That was over a month ago.

Saturday, I collected my mail. Bill, bill, junk, junk — hey! Wait a minute.  A big brown envelope was hand addressed to my good guy and me.  I didn’t recognize the return address because it mentioned some house name.

When I got inside, I opened that envelop first.  Inside I found a smiley sunshine, flowers, and “thank you” all brightly colored on separate pieces of paper.  This thank you project probably took my niece and her friends a good half-hour to do.  And I haven’t received anything so beautiful in a long time.

Thank you notes seem to have gone out of vogue along with regular letters by post.  Yet, only yesterday, I read a wonderful article by a Los Angeles therapist about the importance of writing a heartfelt note to someone every now and then.  She put together “mood boosting interventions” for a health, fitness and beauty expo last spring, to help people write a thank you note to someone, and they sold like hot cakes.

“Really go all out in expressing your gratitude. Doing this might boost your mood because research has shown that focusing on gratitude, even for a very brief time, can increase feelings of happiness,” said Nadja Geipert in her Psychology Today article.

So you want to be happy? Who are you grateful to today?  What would you like to say thanks for? Jot them a note.  It doesn’t have to be fancy–it just needs to be there.

The thank you notes I received from my niece and her friends lifted my spirits for the day, and even now I smile as I look on these beautiful gifts.

Thank you DH women!


The End with Hope

You know how when you reach the end of a great book, you don’t want to put it down?  You sit still and hold the cover closed, feel the weight of the three, four or five hundred pages you just read: not so proud of the accomplishment of completion as loving the emotional cloud that lingers like a ghost and seems to make you breathe a little deeper, then smile?  A great book is the best of friends.

And a best friend is like being in the midst of a superb read.  There is action, adventure, laughter, tears.  A best friend lingers in your heart when he or she isn’t there anymore, and you want to pick up a phone and call, just to say “hi” and reconnect.

But sometimes, like a good book, you need to close the cover, enjoy the memories and hope there might be a sequel some day.  You say good-bye, and hope the salve of warm remembrances will help you through the sleepless nights.

It was 10 years ago today that I had such a good-bye with a best friend.  My Sara had other adventures to seek, and I couldn’t go along.  Ten years later, the denouement of her story is complete, and like the people who gathered for the tenth anniversary of the Twin Towers event, I need to look back, remember, and smile.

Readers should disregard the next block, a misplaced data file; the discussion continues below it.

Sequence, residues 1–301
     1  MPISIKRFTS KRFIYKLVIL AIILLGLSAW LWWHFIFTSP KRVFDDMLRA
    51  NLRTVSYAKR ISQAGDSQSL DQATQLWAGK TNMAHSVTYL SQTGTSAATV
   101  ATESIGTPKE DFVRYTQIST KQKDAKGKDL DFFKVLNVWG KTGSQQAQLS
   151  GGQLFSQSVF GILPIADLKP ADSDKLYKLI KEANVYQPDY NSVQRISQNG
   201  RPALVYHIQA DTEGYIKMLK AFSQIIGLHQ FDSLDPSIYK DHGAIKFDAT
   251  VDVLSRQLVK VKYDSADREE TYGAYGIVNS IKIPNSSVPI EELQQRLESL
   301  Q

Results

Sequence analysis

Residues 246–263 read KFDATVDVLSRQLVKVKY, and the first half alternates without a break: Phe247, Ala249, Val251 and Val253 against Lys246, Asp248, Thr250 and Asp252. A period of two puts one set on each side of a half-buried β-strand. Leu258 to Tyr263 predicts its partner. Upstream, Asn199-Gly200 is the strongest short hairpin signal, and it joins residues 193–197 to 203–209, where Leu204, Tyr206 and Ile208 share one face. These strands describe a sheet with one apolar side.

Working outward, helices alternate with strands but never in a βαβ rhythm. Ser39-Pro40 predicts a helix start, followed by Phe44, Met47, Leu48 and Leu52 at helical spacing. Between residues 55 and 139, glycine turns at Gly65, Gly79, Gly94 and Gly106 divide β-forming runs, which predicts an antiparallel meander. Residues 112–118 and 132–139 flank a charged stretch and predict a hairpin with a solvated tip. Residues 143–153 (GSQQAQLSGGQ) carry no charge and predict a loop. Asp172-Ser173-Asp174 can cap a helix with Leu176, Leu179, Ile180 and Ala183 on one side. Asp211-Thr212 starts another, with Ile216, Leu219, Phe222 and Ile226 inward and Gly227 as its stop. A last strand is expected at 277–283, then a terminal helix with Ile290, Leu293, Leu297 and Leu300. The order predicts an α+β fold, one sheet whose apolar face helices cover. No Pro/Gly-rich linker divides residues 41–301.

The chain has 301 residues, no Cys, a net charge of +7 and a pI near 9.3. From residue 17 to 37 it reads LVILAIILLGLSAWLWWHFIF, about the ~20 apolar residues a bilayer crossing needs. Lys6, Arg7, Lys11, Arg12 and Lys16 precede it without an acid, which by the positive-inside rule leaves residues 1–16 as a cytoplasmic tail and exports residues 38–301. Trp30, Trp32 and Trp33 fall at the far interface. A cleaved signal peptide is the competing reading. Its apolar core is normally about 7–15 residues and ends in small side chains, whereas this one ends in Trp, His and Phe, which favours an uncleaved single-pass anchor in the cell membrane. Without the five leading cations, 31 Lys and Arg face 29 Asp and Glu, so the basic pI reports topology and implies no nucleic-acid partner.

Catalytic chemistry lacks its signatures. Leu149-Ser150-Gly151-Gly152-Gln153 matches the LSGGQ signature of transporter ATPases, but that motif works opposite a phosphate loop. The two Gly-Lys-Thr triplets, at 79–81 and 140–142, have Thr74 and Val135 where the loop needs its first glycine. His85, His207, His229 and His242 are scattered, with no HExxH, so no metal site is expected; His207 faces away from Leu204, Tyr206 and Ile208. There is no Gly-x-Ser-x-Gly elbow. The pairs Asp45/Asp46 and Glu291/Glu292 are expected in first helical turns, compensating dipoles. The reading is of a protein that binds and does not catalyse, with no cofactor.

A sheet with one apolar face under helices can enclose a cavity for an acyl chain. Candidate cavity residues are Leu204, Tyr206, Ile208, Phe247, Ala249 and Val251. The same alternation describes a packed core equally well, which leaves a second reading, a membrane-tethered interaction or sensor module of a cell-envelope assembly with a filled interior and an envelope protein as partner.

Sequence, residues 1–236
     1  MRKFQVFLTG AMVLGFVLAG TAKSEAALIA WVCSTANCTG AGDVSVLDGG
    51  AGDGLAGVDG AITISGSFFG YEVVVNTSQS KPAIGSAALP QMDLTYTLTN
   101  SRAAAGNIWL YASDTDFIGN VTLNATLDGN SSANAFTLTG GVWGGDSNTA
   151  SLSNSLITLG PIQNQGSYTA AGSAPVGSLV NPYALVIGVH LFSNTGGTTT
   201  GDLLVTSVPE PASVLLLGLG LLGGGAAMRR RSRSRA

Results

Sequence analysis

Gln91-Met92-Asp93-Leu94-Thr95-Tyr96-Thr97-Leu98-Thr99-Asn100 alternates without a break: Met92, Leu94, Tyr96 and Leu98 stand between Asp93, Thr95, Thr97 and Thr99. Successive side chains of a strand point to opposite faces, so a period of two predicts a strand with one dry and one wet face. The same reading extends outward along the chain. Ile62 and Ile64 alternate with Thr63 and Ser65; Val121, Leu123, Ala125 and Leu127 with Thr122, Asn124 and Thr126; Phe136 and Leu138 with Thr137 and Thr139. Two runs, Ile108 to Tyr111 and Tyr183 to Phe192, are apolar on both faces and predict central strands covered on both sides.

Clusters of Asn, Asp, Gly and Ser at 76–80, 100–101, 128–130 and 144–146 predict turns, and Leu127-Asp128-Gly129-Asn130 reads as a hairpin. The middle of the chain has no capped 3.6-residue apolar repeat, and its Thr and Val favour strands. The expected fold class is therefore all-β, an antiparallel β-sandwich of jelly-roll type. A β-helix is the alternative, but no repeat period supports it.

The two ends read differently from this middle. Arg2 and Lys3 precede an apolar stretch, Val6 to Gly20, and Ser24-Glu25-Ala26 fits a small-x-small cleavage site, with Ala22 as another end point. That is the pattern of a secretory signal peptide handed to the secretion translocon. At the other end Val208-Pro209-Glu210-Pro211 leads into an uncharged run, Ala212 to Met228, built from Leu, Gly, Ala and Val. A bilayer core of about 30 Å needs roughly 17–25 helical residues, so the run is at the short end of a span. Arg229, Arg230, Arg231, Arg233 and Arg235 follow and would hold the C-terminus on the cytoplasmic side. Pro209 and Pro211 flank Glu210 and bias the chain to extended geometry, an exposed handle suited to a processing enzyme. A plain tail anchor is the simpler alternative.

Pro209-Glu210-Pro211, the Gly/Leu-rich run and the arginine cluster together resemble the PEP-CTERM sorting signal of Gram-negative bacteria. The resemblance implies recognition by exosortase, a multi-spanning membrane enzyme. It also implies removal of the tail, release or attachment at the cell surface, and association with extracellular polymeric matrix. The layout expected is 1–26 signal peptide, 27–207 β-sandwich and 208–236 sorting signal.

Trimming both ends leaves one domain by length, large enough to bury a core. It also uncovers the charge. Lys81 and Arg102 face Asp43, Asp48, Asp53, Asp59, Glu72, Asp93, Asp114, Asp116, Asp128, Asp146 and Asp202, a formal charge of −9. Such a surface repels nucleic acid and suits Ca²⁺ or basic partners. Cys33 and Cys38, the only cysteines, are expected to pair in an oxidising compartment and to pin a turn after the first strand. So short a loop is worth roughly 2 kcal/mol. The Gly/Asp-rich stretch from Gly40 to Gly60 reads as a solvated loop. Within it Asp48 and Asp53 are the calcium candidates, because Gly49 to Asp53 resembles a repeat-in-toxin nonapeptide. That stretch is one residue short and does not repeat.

Sara was like any other kid, except for the seizures, the mental retardation, and the balance problems.  Those were extras that gave her life story adventure, and gave mine, worry and fear.

But Sara was like any other kid.  She had soft skin and bright eyes as a toddler.  She loved to laugh, and her big sister in the years since Sara left us, has talked about the idea of starting a Sara’s Smile not-for-profit, that would help little people with tooth problems.  How cool is that?  Even if it never materializes (life does have a way of running away from us), my wonderful older daughter has a heart that easily matches the smile that Sara used to give us.  I am truly happy when I play with this thought.

And Sara was like any other kid in the happiness she gave us. It seemed she was always saying “I got a great idea!” Fair warning that we were about to be talked into a restaurant meal involving egg plant and “soggy noggie” at Pete’s Central 1 or Walk About Soup from Outback Steakhouse.  Even now, the corners of my mouth are turning up in thinking about this.

Daisy Arthur had a daughter who died as well.  She is wistful in her memories of her Rose, as I feel in remembering my Sara.  But the wistfulness is often pushed away when I think about the corn-rows she was so proud of, a gift from our trip to the Bahamas.  Those braids stayed in her hair for over a month!  She truly didn’t want them out.  Even “normal” boys did a double take when Sara walked about in that hair-do.  She blushed with the casual compliments thrown her way, treasures that light my heart.

Death is a thief.  It steals your loved ones, and often your own purpose in life — if you let it.  But I think about Sara and the buoyancy of her attitude in life.  She wasn’t with us long, but every minute it seems, was time well spent.  In her short life, she not only had the negative adventures, but she also:

  • Traveled a couple of times to Europe
  • Had an abundance of friends, including a boyfriend of several years.  Max, we still love you!
  • Lived in three different states – Florida, Texas, and Colorado
  • Had 15 years of schooling, thanks to a Head Start special education program
  • Was in the major motion picture, “A Leap Of Faith,” as an extra
  • Learned not only to speak English, but a few phrases in American Sign Language, and French and Spanish too

Who could ask for more?

There will always be a small corner of my heart that will remain wistful, but honestly, I think Sara led a very full life, and as the sun sets today, I will be closing the book of grief that I’ve indulged in.

It was a difficult read, but my life is richer for having known Sara, and she taught me so much about a community of love that I would never had known without her. When I look at the last rays of sun, I will not be so proud of the accomplishment of Sara’s life completed as loving the emotional cloud that lingers and makes me breathe a little deeper, then smile.

Sara Malik's Senior High Picture

Sara Malik – 4/26/85 — 8/28/02
“How very special are we, for just a moment to be, part of life’s eternal rhyme.” Charlotte’s Web

There is hope.